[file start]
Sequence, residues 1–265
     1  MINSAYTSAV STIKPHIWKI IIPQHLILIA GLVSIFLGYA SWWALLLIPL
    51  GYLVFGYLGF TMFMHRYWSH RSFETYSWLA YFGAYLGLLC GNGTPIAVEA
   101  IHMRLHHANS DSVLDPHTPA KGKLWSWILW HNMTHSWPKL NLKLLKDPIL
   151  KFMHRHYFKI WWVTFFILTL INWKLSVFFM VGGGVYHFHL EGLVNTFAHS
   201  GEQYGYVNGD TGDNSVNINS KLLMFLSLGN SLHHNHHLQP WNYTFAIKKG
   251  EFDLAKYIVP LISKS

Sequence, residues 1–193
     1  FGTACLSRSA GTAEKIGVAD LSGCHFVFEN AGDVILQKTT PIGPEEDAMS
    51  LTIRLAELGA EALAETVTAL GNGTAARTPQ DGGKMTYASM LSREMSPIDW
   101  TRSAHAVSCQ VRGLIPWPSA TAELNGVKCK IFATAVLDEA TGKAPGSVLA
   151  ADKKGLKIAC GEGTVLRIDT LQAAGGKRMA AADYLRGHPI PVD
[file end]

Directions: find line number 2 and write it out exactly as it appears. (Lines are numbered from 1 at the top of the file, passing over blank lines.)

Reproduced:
     1  MINSAYTSAV STIKPHIWKI IIPQHLILIA GLVSIFLGYA SWWALLLIPL